Many years ago, Brother Dr. Norman Vincent Peale (Midwood Lodge No. 1062, Brooklyn, N.Y. and served as Grand Chaplain: 1949-51 Grand Lodge of New York), wrote a book entitled The Power of Positive Thinking: 10 Traits for Maximum Results. The book’s Amazon page describes this book as “An international bestseller with over five million copies in print, The Power of Positive Thinking has helped men and women around the world to achieve fulfillment in their lives through Dr. Norman Vincent Peale’s powerful message of faith and inspiration.”

I have not read this book, but I should, and I may in the future. While reading the books description I realized how much of this book, much like the recent book ”It's Business Time: Adapting a Corporate Path for Freemasonry” by Brothers Robert Johnson and Jon Ruark adapted bestselling business and motivational books to running a successful Masonic lodge.

Amazons description of Brother Peale’s book, claims you will learn these skills:

· Believe in yourself and in everything you do

· Build new power and determination

· Develop the power to reach your goals

· Break the worry habit and achieve a relaxed life

· Improve your personal and professional relationships

· Assume control over your circumstances

· Be kind to yourself

I believe many of these can be concerted to the honorable and glorious purposes of fixing Masonry.

1. Believe in yourself and in everything you do

If you are a Freemason, hopefully you believe in the Craft and it’s teachings. You may, like many of us, be discouraged about Freemasonry’s current state, but I also hope you believe that if we continue to work and move forward we can put it back on a solid foundation

2. Build new power and determination

Each one of us who hold a current dues card has a voice and a vote on how we as an organization moves forward. Therefore, I am always saddened when I hear about a Brother who quits his lodge (and the Craft itself). Each one of us who is active in Freemasonry has a voice and a vote and if we stand together as a group we can eventually have the Fraternity we want. Each member we lose makes us weaker and will delay us in our ultimate goal. We need to stay involved and encourage each other to stay (or come back).

3. Develop the power to reach your goals

We as a group (Local lodge level, Grand Lodge level and nationally) need to know what we want the future of Freemasonry to look like and develop a plan in which we can implement as a group as we strive to meet our goals.

4. Break the worry habit and achieve a relaxed life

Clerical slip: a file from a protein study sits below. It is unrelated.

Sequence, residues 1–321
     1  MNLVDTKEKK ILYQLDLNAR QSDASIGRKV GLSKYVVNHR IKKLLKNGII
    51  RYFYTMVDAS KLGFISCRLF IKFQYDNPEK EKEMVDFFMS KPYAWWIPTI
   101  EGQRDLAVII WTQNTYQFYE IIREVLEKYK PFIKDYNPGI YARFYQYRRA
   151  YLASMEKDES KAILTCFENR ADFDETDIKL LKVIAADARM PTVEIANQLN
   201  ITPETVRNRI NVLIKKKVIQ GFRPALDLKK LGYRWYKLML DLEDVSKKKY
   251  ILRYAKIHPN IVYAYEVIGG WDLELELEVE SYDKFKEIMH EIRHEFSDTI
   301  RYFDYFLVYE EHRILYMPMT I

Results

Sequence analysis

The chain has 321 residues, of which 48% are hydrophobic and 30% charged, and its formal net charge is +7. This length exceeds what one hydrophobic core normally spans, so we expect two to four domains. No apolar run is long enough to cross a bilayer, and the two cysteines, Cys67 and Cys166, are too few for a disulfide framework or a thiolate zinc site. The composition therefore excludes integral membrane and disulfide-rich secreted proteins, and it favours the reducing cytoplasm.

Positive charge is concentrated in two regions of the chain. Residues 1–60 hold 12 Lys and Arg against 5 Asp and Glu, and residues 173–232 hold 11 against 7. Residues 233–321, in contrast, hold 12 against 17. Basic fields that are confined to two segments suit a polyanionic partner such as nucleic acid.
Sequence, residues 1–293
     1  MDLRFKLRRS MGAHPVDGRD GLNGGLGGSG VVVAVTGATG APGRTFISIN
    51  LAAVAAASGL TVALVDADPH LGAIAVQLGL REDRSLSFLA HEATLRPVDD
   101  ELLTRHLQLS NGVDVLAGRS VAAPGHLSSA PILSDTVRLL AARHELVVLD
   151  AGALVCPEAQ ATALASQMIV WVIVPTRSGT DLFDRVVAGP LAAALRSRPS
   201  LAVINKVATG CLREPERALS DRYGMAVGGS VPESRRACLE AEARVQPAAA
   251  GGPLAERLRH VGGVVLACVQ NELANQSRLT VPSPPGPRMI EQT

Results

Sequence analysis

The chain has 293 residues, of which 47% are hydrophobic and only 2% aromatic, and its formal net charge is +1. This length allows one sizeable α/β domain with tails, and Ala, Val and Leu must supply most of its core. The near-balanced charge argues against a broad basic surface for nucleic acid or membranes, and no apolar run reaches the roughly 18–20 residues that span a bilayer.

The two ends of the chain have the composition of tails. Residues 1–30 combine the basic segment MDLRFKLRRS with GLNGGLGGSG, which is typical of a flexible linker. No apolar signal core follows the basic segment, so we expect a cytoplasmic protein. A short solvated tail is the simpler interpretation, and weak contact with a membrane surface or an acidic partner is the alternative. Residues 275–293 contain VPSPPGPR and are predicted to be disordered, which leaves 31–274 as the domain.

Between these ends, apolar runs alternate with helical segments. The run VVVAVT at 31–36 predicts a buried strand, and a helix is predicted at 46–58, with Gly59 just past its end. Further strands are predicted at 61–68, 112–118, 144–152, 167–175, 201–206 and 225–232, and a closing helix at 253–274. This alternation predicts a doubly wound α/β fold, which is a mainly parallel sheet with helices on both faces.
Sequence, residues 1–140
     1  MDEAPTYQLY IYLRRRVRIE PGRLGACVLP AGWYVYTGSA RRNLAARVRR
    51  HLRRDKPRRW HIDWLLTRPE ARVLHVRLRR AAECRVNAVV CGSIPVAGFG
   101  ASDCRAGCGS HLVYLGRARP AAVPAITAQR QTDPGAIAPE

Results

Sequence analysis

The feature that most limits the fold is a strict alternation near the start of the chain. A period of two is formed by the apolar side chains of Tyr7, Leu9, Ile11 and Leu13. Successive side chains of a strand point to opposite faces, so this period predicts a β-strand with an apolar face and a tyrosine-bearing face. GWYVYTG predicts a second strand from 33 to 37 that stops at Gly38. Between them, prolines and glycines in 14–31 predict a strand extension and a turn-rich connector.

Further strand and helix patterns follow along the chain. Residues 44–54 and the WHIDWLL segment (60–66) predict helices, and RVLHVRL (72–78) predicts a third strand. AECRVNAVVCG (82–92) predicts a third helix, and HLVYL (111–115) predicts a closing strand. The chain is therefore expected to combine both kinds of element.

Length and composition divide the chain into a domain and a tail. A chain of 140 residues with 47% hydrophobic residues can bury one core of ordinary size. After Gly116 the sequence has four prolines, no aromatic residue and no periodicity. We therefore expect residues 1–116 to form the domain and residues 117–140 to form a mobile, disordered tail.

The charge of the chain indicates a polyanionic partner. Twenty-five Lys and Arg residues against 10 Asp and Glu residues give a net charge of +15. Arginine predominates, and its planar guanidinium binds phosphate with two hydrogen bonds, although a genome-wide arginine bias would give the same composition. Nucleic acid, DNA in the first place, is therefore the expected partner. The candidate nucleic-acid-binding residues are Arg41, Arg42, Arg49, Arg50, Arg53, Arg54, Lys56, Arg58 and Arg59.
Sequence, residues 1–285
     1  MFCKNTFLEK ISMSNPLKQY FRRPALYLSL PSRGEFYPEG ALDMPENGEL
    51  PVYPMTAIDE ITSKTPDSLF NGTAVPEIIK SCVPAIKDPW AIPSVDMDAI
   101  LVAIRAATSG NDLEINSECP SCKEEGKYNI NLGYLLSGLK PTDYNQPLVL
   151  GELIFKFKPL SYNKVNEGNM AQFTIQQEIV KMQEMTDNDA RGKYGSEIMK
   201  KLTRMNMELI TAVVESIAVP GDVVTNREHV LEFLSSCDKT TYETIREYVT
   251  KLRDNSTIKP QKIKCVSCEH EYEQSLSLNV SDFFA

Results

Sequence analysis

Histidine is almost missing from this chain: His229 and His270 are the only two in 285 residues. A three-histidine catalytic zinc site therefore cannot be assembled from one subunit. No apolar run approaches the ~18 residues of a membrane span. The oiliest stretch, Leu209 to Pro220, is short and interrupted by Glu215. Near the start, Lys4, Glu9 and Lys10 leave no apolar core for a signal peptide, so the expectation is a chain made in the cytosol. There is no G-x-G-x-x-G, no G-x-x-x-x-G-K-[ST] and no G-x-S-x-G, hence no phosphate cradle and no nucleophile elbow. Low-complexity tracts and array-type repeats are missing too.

So many of us have raised our hands in frustration over the years when we are told we can’t change things in our lodges. I’m sure so many of you have heard, “We’ve never done it that way before” or “Grand Lodge won’t allow that” or “Please don’t do that out of the sake of harmony in the lodge”. So, we as a group have sunk back and quietly given up, and allowed what we know will drive members away to happen.

What we have forgotten is that we are playing the long game. We need to quit worrying and continue to try to make reforms. Eventually, they will happen. We are already beginning to see changes, so relax and remember the tortoise, not the hare.

5. Improve your personal and professional relationships

We must continue to strive to achieve our goals in Freemasonry and continue to make friends and “spread the cement” of Brotherly love. One of the things we strive to achieve in making ourselves better is not just in regards to education, but also making lifelong friendships along the way. Kind of like a “support group” when times get tough. We also need to continually interact, discuss and eventually agree on what we believe the future should look like. The more interactions and discussions we have is the only way we can put the designs upon the trestle board for the future.

6. Assume control over your circumstances

I think this point pretty much sums up everything I have written above. WE as a whole, as a group, need to discuss and plan for the future as we want it to be. We as a group or as the many separate jurisdictions in this country (or the world for that matter) won’t agree on every point, I mean we haven’t for three hundred years, but if we can begin to decide as a group what we want Freemasonry to look like we can be ready for the future when we can put our plans into practice.

Brother Peale lists one more point: “Be kind to yourself”, but for this paper I would like to replace this point with my own, which I feel is more important, “Don’t Quit”

Brother, I know we all get frustrated with the current state of affairs in our Fraternity. Cheap dues, crumbling buildings, boring meetings and in some cases mediocre meals have disappointed a lot of men who were originally excited to become Freemason. When they bring up ideas on how they can make the lodge better they are told to sit down and be quiet until they are Master of the Lodge. (They don’t tell them they will try to torpedo his ideas while he is Master anyway) After a while they begin to feel dejected or disappointed and slowly fade away.